If you can't use the brakes to stop the car, and if you don't have ABS to do it for you (or if there's not enough traction for ABS to help), then you shouldn't be driving. That's just common sense -- if you can't keep from locking up the wheels when you want to stop the car, you're endangering yourself and others by getting behind the wheel.
Engine braking in very cold conditions for long periods (i.e. down long hills) should also be avoided for longevity reasons. It cools the motor and oil off very quickly, by pumping cold air through it without burning any fuel. Not only is this bad for the motor (in the same line that cold starts are bad for wear) but it's also bad for fuel economy, because the motor runs rich, as if it's just been cold started.
I'll add a counterpoint/addendum to Jay's post. While experience driving in snow is really important, it still doesn't make it safe to drive if you don't have the right tires. If you HAVE to drive in the snow, EVER (i.e. if you can't call in to work because of snow) then you need to have the proper tires. Getting a second set of wheels with some studless snows is cheap for most cars, and a front-drive car with the right tires is far, far safer and more capable than a 4WD car with all-seasons. Again, driving a car in snow or ice without the right tires is just turning it into a 2-ton projectile and you're endangering yourself and everyone else on the road by doing it.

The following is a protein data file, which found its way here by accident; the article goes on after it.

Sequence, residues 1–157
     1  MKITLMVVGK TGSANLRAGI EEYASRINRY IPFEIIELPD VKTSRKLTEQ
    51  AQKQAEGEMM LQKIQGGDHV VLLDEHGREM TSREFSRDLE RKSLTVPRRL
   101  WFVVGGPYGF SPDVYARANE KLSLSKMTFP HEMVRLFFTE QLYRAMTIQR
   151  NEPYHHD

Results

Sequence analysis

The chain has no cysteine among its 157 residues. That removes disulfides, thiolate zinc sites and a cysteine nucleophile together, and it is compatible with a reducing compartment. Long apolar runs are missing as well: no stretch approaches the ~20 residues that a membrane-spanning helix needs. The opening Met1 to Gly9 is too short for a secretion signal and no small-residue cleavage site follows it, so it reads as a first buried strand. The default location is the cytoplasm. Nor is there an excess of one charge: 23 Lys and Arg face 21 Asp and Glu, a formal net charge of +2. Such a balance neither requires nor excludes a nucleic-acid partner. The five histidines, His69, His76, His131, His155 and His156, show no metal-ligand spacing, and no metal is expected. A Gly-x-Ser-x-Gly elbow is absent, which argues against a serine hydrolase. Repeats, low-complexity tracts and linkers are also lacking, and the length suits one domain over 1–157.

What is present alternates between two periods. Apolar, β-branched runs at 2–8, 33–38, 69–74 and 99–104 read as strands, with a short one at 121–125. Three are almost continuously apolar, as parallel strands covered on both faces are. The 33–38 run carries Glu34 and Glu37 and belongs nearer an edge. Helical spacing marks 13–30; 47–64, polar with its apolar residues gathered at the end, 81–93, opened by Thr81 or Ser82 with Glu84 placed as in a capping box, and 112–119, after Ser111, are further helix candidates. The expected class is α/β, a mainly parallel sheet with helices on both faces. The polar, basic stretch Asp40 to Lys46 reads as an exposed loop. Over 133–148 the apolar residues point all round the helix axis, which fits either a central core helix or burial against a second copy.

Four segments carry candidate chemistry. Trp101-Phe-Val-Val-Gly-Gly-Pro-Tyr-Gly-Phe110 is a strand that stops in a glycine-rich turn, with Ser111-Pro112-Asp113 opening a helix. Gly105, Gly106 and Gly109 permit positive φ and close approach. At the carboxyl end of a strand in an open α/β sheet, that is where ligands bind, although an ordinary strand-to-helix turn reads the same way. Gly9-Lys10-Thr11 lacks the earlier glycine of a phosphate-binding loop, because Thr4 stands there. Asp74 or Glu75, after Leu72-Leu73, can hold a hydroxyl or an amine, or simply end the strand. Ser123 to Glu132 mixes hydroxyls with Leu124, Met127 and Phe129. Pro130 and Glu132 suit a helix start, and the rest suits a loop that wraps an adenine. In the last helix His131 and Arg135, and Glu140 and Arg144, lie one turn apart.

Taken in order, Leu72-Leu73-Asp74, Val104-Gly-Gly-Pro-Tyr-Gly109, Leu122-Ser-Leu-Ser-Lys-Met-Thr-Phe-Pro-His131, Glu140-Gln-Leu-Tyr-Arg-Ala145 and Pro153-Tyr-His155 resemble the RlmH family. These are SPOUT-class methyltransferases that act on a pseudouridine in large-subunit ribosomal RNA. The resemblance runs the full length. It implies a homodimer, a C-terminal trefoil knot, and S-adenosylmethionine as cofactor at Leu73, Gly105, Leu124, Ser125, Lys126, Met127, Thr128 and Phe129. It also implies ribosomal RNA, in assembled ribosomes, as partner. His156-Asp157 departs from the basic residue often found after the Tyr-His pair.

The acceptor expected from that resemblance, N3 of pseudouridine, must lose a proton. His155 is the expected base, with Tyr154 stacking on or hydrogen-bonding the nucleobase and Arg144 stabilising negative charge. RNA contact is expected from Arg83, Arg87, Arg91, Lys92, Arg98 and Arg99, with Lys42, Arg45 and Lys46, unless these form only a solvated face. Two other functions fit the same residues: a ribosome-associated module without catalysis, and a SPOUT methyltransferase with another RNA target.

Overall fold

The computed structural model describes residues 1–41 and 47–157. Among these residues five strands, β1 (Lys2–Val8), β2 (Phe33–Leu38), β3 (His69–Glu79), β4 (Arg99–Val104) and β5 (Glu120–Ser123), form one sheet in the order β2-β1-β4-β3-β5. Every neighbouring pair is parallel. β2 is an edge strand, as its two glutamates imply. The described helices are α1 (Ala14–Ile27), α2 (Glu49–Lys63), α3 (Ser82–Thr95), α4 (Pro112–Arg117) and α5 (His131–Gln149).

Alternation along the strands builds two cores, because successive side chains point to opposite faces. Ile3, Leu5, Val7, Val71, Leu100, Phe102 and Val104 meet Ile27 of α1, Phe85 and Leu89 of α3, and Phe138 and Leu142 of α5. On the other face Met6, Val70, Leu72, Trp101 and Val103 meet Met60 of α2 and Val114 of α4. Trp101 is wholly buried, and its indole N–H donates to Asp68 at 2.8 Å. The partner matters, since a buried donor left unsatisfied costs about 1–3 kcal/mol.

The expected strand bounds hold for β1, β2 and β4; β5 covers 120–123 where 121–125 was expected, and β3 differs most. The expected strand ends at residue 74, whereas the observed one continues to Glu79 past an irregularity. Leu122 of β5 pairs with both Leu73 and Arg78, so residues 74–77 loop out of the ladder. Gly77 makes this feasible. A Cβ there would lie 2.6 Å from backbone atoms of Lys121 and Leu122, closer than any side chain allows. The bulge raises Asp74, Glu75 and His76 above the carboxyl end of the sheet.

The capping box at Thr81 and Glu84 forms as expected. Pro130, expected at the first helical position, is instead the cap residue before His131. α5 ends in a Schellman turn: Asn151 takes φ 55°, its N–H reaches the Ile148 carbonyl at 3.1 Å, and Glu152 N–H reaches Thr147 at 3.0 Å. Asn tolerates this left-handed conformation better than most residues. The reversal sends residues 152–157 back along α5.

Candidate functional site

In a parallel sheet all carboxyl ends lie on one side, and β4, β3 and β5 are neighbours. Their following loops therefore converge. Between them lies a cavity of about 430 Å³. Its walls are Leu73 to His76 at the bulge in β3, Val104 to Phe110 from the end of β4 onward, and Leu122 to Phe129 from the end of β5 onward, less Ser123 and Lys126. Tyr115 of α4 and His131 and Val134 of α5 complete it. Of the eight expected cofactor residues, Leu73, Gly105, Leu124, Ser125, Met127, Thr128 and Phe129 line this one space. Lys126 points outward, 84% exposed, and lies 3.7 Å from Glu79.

I think I'm ok on the safety part - just didn't know if it could be combined with extra MPG. I don't see any way to gain mpg without severely sacrificing the safety part, so I'd consider the issue closed. Thanks for the input!
Yeah, extended warm up time sucks. Regardless of whether snow on the ground or not. A grill block will help along with improving aero some. There are other measures, but they are likely not worth the effort if near freezing or lower temps aren't the norm.
Should have been clearer. I use the 'lower' gears to prevent the car from speeding up too much on a decline. Specially with traffic. Sometimes a light tap to the brakes can cause lock up. Better not to have sped up in the first place. Good point on it cooling off the engine though.
Snow tires are worth the investment if you regularly drive in snow. In the North East US, they do a good job of clearing them. So snow tires will be hurting fuel economy most of the time. All the time if you have a job that lets you avoid driving in the white stuff. The only time I was driving in it this year, was twice and by choice. So was the sliding I did.
I should check my tire pressure, but it is just too cold. I've overshot my target psi when it wasn't freezing by 1psi for every 10F drop I expected, though.
This can lead to a debate, but I also figure the lower pressure means better traction, but I also regularly run over the car's rating.
Personally, I haven't been able to notice a difference in mileage between my Toyo snow tires and any of the other tires I've ran on the car* (both all-season and summer). Long as I keep them aired up they all seem to deliver about the same mileage. I don't see why they would either, as they are a very hard compound.
But, I have never used low rolling resistance tires either... but even then, there are many LRR choices in studless winter tires.
*Caveat is the DOT-legal racing tires on my MR2, which definitely cost a couple of MPG, but I've never used these on my Scion.